RICHMOND, Va. -- The U.S. Food & Drug Administration (FDA) said Monday that after reviewing scientific research on the safety of nicotine replacement therapy (NRT) products sold over the counter (OTC), it has decided that some warnings and limitations specified in the directions for use on the labels of these products are no longer necessary to make sure they are used safely and effectively to quit smoking.
Several types of FDA-approved smoking cessation products are available, both with and without a prescription. Three types of NRT are approved by the FDA for consumers to buy OTC: nicotine gum, transdermal nicotine patch and nicotine lozenge products.
The FDA first approved nicotine gum and patches as prescription products between 1984 and 1992. These products were shown to be safe and effective for use when someone first stops using cigarettes, and then uses the NRT to help manage the symptoms of withdrawal, usually for eight to 12 weeks, depending on the product, it said.
The FDA said that the changes it is allowing to these labels reflect the fact that although any nicotine-containing product is potentially addictive, decades of research and use have shown that NRT products sold OTC do not appear to have significant potential for abuse or dependence.
"The agency heard from several public health groups that the labeling for OTC NRT products may stop consumers who are trying to quit smoking from using them," said FDA commissioner Margaret A. Hamburg. "FDA hopes the recommended changes will allow more people to use these products effectively for smoking cessation and that tobacco dependence will decline in this country."
The changes that the FDA is recommended include a removal of the warning that consumers should not use an NRT product if they are still smoking, chewing tobacco, using snuff or any other product that contains nicotine--including another NRT.
NRTs are FDA-approved for adults ages 18 and above who want to quit smoking. Smokers' dependence on nicotine prevents many who try to quit from being successful, and these products supply controlled amounts of nicotine to ease withdrawal symptoms.
The NRT gum and patch products were switched to OTC marketing between 1996 and 2002, based on scientific research showing that these products were safe for use without a prescription. The nicotine lozenge and mini-lozenge were approved directly for OTC use in 2002 and 2009, respectively.
The FDA said that it is allowing the companies that make these OTC products to make several changes to the warnings and limitations in the directions for use on their labels to allow some flexibility on how they are used and for how long.
For consumers, according to the FDA, this means that there are no significant safety concerns associated with using more than one OTC NRT at the same time, or using an OTC NRT at the same time as another nicotine-containing product--including a cigarette. "If you are using an OTC NRT while trying to quit smoking but slip up and have a cigarette, you should not stop using the NRT. You should keep using the OTC NRT and keep trying to quit," the agency said.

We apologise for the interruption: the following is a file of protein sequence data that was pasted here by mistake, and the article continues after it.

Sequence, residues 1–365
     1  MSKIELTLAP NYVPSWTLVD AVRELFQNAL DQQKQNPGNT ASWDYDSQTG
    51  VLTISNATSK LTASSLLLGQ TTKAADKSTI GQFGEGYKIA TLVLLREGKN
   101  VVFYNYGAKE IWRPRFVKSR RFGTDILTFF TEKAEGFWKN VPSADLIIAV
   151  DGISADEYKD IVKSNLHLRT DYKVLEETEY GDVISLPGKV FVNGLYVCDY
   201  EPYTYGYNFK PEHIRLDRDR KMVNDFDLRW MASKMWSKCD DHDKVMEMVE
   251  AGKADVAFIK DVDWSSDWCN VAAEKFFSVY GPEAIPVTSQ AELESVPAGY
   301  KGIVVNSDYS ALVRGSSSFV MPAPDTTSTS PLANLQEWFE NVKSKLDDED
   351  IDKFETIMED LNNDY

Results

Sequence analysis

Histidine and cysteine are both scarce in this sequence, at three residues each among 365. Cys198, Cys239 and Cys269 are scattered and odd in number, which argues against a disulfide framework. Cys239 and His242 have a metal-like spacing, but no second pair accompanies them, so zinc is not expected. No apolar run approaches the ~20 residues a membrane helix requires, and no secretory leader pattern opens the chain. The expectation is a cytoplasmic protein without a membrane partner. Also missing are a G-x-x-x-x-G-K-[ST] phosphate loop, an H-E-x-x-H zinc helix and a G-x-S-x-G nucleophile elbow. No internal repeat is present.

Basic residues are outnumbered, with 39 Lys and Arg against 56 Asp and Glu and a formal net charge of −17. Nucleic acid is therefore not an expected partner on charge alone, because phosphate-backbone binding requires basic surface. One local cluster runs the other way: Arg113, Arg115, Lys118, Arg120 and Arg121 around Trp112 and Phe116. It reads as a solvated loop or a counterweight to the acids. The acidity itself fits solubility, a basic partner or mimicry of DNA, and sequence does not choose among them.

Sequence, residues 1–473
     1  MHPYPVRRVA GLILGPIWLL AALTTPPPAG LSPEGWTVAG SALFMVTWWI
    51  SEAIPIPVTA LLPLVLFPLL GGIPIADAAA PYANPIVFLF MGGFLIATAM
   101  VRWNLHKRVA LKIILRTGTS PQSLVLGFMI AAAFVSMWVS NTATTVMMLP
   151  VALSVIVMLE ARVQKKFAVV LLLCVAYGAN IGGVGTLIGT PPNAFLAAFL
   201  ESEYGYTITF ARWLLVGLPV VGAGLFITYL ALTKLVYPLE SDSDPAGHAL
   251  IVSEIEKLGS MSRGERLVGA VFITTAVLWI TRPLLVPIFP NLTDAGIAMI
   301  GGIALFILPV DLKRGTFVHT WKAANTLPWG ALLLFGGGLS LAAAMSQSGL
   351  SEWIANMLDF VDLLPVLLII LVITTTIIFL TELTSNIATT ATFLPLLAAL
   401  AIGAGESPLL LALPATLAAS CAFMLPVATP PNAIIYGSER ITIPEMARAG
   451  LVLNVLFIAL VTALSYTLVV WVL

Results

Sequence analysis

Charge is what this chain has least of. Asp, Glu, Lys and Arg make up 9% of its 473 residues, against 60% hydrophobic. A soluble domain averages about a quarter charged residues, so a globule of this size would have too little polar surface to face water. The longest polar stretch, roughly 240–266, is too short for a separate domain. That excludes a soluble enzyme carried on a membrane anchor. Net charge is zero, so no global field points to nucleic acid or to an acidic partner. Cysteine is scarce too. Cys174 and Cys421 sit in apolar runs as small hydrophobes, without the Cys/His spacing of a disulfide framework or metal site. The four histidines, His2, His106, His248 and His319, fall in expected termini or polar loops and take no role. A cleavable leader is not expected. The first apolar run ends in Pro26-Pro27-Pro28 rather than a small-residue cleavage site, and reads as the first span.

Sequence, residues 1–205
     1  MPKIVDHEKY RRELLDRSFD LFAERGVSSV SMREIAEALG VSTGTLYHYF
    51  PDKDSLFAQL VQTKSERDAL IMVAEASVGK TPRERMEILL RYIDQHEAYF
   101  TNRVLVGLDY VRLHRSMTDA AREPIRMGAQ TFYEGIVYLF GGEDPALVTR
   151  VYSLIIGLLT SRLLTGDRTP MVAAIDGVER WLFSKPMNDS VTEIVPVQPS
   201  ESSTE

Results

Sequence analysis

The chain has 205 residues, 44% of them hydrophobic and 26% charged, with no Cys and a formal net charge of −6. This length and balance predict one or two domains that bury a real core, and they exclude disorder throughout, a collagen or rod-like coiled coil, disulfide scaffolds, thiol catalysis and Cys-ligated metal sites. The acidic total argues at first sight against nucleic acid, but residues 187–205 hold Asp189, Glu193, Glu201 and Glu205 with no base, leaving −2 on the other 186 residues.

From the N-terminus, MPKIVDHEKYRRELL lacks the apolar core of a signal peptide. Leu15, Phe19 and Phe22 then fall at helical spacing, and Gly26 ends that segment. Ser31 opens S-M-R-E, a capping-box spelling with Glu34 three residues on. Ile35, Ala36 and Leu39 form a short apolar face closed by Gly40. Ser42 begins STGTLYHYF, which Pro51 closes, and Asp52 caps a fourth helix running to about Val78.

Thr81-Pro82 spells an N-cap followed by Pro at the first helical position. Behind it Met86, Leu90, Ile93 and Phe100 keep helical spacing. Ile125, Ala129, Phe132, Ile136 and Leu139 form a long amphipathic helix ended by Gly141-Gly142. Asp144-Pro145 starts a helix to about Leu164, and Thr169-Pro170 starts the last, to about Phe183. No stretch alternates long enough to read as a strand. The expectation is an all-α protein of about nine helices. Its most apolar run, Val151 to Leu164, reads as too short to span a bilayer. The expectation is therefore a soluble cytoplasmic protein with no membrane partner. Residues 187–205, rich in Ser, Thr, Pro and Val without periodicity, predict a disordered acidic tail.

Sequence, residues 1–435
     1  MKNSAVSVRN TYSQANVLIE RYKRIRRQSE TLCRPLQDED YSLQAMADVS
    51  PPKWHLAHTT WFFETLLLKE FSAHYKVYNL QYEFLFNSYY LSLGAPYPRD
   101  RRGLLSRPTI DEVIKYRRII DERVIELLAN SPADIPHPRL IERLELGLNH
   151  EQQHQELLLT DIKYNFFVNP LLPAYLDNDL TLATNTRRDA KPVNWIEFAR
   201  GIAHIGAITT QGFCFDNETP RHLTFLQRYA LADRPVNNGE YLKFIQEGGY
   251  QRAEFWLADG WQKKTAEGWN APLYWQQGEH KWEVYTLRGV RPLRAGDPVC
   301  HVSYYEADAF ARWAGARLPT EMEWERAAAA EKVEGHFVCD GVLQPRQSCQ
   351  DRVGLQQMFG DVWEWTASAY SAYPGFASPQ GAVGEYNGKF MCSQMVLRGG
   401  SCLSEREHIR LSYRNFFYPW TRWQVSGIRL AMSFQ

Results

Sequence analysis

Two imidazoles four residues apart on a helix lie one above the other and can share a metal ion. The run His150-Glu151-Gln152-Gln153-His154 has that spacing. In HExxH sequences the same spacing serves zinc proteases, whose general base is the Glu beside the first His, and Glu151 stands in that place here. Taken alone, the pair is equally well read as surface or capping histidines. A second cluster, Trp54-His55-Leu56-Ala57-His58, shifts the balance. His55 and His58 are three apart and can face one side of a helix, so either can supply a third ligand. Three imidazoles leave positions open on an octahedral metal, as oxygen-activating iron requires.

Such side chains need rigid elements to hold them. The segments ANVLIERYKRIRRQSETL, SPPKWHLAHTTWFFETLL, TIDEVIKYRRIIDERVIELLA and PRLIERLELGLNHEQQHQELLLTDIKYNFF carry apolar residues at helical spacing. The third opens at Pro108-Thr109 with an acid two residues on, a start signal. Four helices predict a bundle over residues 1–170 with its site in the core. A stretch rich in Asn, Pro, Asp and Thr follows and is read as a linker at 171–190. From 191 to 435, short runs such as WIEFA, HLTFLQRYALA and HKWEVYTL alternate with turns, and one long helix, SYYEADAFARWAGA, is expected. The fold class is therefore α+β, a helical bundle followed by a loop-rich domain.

NRT users should still pick a day to quit smoking, and begin using the OTC NRT product on their "quit" day, even if they aren't immediately able to stop smoking, it said.
Users of NRT products should still use the product for the length of time indicated in the label, said the FDA; however, if they feel they need to continue using the product for longer in order to quit, it is safe to do so in most cases. It advised consumers to consult their health care professional if they feel the need to use an OTC NRT for longer than the period recommended in the label.
The makers of the nicotine replacement products must seek approval to change their labels, but the FDA said the companies can cite the studies used by the agency, reported the Associated Press.
GlaxoSmithKline, the leading seller of nicotine-replacement therapy products under the Nicorette and NicoDerm CQ brands, called the FDA's action a ''positive step to help more smokers quit.'' It plans to work with the FDA to make changes to its product labeling ''as soon as possible.''
Meanwhile, AP reported that the FDA said it is missing a Monday deadline to submit three tobacco-related reports to Congress, which the agency said are nearing completion. It also is missing another deadline to publish a consumer-friendly list of the levels of dangerous chemicals found in cigarettes and other tobacco products, as well as tobacco company testing and reporting requirements for ingredients and additives.
There are no penalties for forgoing the deadlines outlined in the 2009 law that gave the FDA authority to regulate a number of aspects of tobacco marketing and manufacturing.
[Editor's Note: CSP Daily News does not endorse the opinions, assertions, conclusions or recommendations of the FDA in this announcement.]
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